UC schools should not require two years of foreign language

Abhinav Purohit, Opinions Editor

Opinion columns reflect the view of the staff writer.

The original version of this column that appeared in the March issue of The Californian indicated the incorrect information that the San Ramon Valley Unified School District required two years of a foreign language to graduate. The updated version of this column includes the correct information.

As we head into the last stretch of the school year, many underclassmen and incoming freshmen have been thinking of classes to enroll in for the next school year. 

But many students will be disappointed to see that their choices are fairly limited because of the college requirements for foreign language, more specifically the University of California requirements.

World language is a two-year requirement for UC schools with a third year as a recommendation. Applicants to these universities have to fulfill these requirements in order to be considered for a spot at these universities. With college applications becoming competitive each year, many students just choose to abide by these requirements. But this harsh requirement should be reduced to one year for a multitude of reasons. 

First and foremost, taking two to three years of required world language gets in the way of enrolling in classes students might have an interest in. With many requirements in core subjects such as English, math, and science, students have very limited space in their schedules to fit classes they might want to enroll in out of pure interest or passion. 

Why force students to sit through another year of world language when we can allow them to take classes in a wide array of fields that are offered at Cal High? Just to name a few categories, Cal High offers classes in fields such as computer science, engineering, medicine, art, business, and psychology. 

With two years of required world language, and a third recommended (which most students just interpret as “just take another year, or you won’t get into college”), world language takes up a lot of prime real estate on one’s schedule.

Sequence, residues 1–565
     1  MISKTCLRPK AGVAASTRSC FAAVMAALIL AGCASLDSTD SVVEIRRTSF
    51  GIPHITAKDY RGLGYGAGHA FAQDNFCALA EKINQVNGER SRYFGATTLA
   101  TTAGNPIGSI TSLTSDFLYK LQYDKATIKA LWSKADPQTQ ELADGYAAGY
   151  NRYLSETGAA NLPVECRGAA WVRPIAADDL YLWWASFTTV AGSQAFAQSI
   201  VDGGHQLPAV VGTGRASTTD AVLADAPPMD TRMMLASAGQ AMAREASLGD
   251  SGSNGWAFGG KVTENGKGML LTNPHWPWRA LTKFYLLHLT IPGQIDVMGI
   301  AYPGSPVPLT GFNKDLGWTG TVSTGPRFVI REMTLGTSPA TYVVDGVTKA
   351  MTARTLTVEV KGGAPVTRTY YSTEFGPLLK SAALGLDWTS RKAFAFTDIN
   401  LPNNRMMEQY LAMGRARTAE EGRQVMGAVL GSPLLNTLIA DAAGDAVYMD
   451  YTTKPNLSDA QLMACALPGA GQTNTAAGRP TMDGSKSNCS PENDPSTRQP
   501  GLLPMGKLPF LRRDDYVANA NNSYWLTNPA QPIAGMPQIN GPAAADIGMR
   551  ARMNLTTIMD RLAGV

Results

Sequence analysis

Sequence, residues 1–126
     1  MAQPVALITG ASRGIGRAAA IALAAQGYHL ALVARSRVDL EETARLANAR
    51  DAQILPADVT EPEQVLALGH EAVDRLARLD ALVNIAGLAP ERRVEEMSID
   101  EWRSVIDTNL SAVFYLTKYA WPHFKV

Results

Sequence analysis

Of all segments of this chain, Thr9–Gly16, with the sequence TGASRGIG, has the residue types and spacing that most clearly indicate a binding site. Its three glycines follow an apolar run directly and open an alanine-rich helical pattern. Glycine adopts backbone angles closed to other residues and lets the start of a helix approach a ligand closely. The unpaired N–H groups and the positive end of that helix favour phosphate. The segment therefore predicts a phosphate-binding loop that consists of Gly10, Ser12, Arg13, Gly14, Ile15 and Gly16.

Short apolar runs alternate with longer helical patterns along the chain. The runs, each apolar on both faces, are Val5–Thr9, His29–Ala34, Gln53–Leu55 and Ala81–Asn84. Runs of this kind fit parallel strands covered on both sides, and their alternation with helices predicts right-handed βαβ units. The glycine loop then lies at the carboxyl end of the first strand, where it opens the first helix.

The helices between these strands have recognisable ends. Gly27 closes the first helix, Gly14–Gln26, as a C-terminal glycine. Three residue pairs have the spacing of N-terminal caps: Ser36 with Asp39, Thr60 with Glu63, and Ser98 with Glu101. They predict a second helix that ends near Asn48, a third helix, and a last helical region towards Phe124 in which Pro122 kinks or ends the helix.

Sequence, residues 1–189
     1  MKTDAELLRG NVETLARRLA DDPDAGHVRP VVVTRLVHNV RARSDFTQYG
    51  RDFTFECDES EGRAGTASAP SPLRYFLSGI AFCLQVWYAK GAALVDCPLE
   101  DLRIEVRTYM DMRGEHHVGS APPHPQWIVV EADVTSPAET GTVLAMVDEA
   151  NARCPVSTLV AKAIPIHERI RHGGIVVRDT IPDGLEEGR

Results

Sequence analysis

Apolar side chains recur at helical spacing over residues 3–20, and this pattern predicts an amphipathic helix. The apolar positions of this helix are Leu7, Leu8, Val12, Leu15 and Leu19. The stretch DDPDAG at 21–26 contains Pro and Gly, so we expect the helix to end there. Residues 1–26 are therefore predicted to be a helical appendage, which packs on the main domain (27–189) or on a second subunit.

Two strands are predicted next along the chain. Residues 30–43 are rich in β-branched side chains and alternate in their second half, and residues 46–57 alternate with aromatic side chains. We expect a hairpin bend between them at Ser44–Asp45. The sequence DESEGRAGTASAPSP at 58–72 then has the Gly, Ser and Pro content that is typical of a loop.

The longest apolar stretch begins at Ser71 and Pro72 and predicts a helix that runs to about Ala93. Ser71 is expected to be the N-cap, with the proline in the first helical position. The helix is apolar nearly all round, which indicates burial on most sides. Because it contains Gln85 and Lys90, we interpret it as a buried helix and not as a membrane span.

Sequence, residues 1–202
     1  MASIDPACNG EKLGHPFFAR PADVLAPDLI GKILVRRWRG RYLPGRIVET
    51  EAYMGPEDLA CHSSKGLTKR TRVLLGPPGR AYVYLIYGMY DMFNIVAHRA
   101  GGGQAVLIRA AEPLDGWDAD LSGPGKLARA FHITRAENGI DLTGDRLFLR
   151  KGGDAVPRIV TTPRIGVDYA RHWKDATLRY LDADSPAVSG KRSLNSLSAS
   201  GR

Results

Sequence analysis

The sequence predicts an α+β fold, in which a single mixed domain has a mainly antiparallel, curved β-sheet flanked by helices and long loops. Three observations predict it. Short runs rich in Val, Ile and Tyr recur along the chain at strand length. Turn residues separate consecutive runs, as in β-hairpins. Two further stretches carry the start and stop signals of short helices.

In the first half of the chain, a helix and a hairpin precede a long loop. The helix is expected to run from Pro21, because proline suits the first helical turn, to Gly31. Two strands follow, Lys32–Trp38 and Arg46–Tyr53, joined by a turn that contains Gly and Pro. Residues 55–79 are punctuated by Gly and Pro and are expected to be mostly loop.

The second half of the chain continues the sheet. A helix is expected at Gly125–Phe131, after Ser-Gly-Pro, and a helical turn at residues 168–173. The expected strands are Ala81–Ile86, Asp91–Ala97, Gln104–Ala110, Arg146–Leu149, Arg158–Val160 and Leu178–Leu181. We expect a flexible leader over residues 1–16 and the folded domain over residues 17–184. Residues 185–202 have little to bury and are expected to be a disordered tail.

Since most students who take world languages usually enroll in it in their freshman, sophomore, and sometimes even junior year, students have to postpone their interests toward the ending years of high school. 

But if the UCs were to cut down the world language requirement to one year, students could take a variety of courses without having to worry about running out of time in high school to explore their interests before they head off to college. 

Additionally, learning a foreign language in the U.S. simply doesn’t have as much value as a foreigner trying to learn English. While being bilingual in America might open up a few doors, it isn’t a crucial requirement that employers are looking for that will be the ultimate deciding factor for a job offer. 

Even if students want to achieve mastery in a world language, doing it through required high school courses isn’t the way to go. Simply put, gaining proficiency in a world language through a typical classroom setting rarely achieves proficient speakers. 

According to the Linguistic Society of America, most bilingual speakers gain proficiency in a language during their childhood. This is because of the exposure they get from everyday conversations with parents and family members who speak the language, which acts as a consistent practice to achieve proficiency. 

This same environment simply cannot be replicated in a classroom setting. With the focus being more on “requirements” such as tests, assignments, and homework, most already disinterested students become even more disinterested in learning. 

Only 21.6 percent of the U.S. population is bilingual according to data from the American Community Survey, which is conducted by the Census Bureau. Most of them are heritage speakers. It simply doesn’t make sense to invest in world language and spend two to three years of a student’s life to only achieve a minuscule fraction of proficient speakers.

While there might be people who have an interest in world language, making it a requirement precludes the one student who might have an interest in engineering and business but cannot take the class because of the world language requirements. 

Therefore, having a two-year world language college requirement should be reduced since it limits the choices of courses students can enroll in, doesn’t have a significant impact on one’s career here in the U.S., and is simply a waste of time and resources that could otherwise be spent elsewhere.